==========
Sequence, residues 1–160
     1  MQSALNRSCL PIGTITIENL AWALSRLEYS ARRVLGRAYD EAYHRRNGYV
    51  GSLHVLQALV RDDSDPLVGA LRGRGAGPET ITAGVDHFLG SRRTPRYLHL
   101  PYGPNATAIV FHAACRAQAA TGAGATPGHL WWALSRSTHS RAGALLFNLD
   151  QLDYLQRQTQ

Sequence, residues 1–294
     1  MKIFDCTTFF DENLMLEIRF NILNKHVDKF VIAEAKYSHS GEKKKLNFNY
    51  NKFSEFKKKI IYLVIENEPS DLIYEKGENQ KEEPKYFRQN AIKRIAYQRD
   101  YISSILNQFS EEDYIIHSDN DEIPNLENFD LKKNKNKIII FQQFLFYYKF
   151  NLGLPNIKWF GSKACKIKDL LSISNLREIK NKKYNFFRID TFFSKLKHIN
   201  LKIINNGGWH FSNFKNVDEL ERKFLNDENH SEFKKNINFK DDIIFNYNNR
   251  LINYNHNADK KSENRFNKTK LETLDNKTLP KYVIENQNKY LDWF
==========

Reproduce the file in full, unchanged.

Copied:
Sequence, residues 1–160
     1  MQSALNRSCL PIGTITIENL AWALSRLEYS ARRVLGRAYD EAYHRRNGYV
    51  GSLHVLQALV RDDSDPLVGA LRGRGAGPET ITAGVDHFLG SRRTPRYLHL
   101  PYGPNATAIV FHAACRAQAA TGAGATPGHL WWALSRSTHS RAGALLFNLD
   151  QLDYLQRQTQ

Sequence, residues 1–294
     1  MKIFDCTTFF DENLMLEIRF NILNKHVDKF VIAEAKYSHS GEKKKLNFNY
    51  NKFSEFKKKI IYLVIENEPS DLIYEKGENQ KEEPKYFRQN AIKRIAYQRD
   101  YISSILNQFS EEDYIIHSDN DEIPNLENFD LKKNKNKIII FQQFLFYYKF
   151  NLGLPNIKWF GSKACKIKDL LSISNLREIK NKKYNFFRID TFFSKLKHIN
   201  LKIINNGGWH FSNFKNVDEL ERKFLNDENH SEFKKNINFK DDIIFNYNNR
   251  LINYNHNADK KSENRFNKTK LETLDNKTLP KYVIENQNKY LDWF